Did Shakespeare write Shakespeare? If your immediate and certain answer to this question is an outraged YES! then you may be in the wrong place. Turn and go back the way you came. Deeply held beliefs are unlikely to change: perception filtering and confirmation bias keeps them firmly in place, and you will not do yourself any good by hanging around in places that are liable to make you angry. This website is very probably not for you, and I certainly have no wish to make anyone apoplectic. (If you don’t know what apoplectic means, you’re probably in the wrong place too.)
But if your answer to this question is ‘I’m not sure’ then stick around.
And if your answer is “you’ve spelt that first name wrong… it’s Shaksper or Shakspere”… I know where you’re coming from. But I am attempting to communicate with the wider world here, and most people will think that’s a typo.
And if your answer is “Definitely NOT. The author of the works we know as Shakespeare’s was undoubtedly The Earl of Oxford/Christopher Marlowe/Francis Bacon/Henry Neville/Mary Sidney/Sir Walter Raleigh/Lady Jane Grey/Uncle Tom Cobley and all” then let me insist: there are no certainties.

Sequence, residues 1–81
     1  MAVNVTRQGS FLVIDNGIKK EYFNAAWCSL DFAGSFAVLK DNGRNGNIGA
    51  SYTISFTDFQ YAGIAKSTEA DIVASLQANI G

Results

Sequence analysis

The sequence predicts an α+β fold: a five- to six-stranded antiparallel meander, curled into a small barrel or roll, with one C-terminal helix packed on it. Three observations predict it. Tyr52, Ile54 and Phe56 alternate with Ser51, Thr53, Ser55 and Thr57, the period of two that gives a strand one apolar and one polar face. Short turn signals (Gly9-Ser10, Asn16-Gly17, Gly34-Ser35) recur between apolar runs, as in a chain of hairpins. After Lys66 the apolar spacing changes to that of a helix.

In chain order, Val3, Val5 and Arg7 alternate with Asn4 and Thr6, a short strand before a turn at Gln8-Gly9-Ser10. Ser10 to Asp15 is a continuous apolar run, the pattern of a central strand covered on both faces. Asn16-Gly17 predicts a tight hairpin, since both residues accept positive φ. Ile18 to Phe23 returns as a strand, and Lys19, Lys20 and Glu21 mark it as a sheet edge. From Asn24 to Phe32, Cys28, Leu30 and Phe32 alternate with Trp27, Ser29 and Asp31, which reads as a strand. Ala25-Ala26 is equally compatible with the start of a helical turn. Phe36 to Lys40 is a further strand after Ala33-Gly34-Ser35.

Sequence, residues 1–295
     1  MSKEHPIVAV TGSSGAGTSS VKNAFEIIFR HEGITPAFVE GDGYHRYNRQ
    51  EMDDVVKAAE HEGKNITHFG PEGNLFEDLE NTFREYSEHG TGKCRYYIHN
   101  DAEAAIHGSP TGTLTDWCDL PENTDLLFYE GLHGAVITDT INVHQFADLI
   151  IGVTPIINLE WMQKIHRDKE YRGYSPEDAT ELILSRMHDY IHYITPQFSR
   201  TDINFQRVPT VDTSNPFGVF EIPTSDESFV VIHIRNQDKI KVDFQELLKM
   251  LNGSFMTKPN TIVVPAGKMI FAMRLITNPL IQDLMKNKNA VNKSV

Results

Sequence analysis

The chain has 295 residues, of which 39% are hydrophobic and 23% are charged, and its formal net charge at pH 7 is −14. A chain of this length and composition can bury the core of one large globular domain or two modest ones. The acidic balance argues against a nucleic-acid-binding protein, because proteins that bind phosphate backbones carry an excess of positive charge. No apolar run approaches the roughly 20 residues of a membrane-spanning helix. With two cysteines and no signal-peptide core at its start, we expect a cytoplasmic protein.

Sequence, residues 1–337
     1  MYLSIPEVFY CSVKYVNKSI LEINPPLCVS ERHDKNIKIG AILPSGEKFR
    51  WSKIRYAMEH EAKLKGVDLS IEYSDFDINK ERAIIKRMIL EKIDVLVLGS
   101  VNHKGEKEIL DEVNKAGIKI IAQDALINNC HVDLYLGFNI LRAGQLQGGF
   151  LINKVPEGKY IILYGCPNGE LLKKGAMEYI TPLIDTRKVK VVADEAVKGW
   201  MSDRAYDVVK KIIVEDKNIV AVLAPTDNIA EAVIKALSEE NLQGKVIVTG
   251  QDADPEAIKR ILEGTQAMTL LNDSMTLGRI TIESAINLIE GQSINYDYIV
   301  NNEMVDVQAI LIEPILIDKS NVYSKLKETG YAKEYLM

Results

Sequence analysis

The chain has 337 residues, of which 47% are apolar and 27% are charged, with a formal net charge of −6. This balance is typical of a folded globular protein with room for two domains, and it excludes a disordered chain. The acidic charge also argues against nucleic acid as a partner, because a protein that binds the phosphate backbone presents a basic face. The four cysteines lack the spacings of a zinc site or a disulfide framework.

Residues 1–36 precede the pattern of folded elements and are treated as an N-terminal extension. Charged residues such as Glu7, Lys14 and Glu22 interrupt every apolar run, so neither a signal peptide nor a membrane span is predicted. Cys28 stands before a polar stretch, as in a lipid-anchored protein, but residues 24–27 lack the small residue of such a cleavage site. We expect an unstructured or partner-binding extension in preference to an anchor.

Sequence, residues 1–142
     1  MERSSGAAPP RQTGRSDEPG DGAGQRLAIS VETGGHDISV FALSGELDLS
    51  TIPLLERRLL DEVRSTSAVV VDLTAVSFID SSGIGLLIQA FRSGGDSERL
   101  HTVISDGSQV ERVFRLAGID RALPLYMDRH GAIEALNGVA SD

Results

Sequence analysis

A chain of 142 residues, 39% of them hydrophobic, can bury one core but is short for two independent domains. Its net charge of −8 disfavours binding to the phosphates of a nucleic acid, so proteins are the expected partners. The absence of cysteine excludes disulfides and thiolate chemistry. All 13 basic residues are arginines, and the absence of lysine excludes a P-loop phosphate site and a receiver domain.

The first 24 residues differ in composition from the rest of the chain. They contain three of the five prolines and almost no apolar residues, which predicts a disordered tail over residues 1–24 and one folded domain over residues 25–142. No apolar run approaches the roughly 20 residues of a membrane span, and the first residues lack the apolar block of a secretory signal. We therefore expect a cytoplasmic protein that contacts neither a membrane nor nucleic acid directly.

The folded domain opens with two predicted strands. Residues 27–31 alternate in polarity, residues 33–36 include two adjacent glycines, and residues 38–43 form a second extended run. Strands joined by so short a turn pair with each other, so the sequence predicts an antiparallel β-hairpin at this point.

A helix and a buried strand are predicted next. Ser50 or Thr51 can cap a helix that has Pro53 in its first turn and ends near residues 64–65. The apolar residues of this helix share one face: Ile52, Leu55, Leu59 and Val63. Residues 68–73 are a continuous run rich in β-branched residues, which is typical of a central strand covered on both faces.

Orthodox scholars are now accepting that parts of the canon we once thought as entirely by William Shakespeare were written by other hands. Most agree there is a central author – the author, let’s say, of the Sonnets, which were written by a single intelligence, not a committee. People who begin to question the traditional narrative often feel the urge to immediately substitute an alternative author. But the throne is not yet vacated. For now, the only critical question is Did Shakespeare write Shakespeare? And until we can get agreement that this question is a valid question, and worth asking, then arguments for other candidates are going to fall on stony ground.
So let’s begin.